I first started reading this novel sometime back in the 1990s when I was in college or graduate school, and still fairly new to the world of academic feminism where The Handmaid’s Tale is (was?) considered a must-read. I started it, but didn’t finish it, and don’t remember how far I read. I just wasn’t in the mood for it at the time.
It is probably a book that I’ve lied about reading. Well, maybe not actively lied about, but nodded and said yes, yes when others talked about it. Like Virginia Woolf, Margaret Atwood is a writer that I’ve read more about than have actually read of her work.
But The Handmaid’s Tale was a novel that I knew I’d eventually read and it was one of the first books that I included on my reading list for The Classics Club.
For those of you unfamiliar with this novel, it’s a dystopian story about a future America that is organized into districts. The U.S. government was destroyed in a brutal takeover by a militaristic Christian organization called the Sons of Jacob. The new country is renamed the Republic of Gilead. Like some of our contemporary politicos, the new leadership warps Christianity to fit their purposes. Women are not allowed to read and Bibles are kept under lock and key. Women are subjugated, races segregated, and Jews given the option to convert to Christianity or to move to Israel.
In this future society, many people are rendered sterile. Let me rephrase that, many Caucasians of the upper classes are sterile or just don’t procreate as much as other races. In addition to sterility, another reason for the downward trend in Caucasian reproduction is the increase in birth defects, access to birth control, and women having careers. After the Constitution was eliminated, one of the first steps taken by the new government was to dismiss women from their jobs and eliminate their access to their own money. Money is available only to husbands or to the male next of kin. Centers are set up behind the scenes that indoctrinate young women into becoming handmaids, women who will be used for breeding purposes by the leaders of the new government.
The story is told by Offred, a youngish woman who is of the first generation of women selected for training and work as handmaids. In the days before the new theocratic government, Offred was married and had a child. It’s through her eyes that we learn about life before the takeover and during the early years of the new republic. Her mom was an activist feminist and her best-friend, Moira, a lesbian. Neither woman fares well in the new society. Indeed, no one really fares well in this new society, not even the elite men who designed this society. For a time, these elite men try to have their cake and eat it, too.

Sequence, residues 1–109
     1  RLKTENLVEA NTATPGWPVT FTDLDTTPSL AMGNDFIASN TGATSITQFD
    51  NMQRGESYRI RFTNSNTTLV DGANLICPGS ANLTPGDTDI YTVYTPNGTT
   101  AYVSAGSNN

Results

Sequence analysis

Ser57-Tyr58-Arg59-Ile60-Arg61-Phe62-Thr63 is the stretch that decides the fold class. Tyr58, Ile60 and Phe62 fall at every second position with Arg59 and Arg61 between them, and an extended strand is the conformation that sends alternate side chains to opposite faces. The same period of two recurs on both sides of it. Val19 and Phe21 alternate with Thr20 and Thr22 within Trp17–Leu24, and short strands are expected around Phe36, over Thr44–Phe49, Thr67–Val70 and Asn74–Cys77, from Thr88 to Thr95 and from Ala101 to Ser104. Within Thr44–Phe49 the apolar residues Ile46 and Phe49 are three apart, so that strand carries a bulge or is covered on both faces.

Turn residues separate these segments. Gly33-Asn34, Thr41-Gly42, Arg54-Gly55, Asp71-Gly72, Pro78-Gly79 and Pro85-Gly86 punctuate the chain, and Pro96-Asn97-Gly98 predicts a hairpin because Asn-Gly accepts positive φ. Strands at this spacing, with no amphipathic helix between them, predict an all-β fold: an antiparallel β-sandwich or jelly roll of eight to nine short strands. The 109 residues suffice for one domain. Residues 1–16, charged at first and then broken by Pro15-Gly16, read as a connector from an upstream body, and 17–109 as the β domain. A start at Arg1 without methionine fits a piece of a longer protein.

At the end of Offred’s story is a surprise “ending,” a metafiction that takes the reader even further into the future, into a lecture hall at an academic conference where a scholar who specializes in the Republic of Gilead talks about the discovery and significance of what has been named, “The Handmaid’s Tale.” It turns out Offred’s narrative was a recording made on cassette tapes which were already an archaic form of technology when the tapes were recorded. We learn more about the society through this lecture.
The story itself is excellent–thought provoking, tense, thrilling. There is fear, secrecy, longing, resignation, risks, betrayals, and executions. The social critique that Atwood offers is still highly relevant, perhaps even more relevant today than when it was published in 1985.
It was also enjoyable to see the influence of this novel on subsequent books that I’ve read. Two recent novels that come to mind are The Hunger Games, which also divides its totalitarian United States into districts, and The Passage, which incorporates a futuristic academic conference as part of the story.
Have you read The Handmaid’s Tale? Are there novels that you’ve read that were influenced by it?
Oh, and if you’re an Atwood fan, which novel of hers should I read next?
Categories: Book review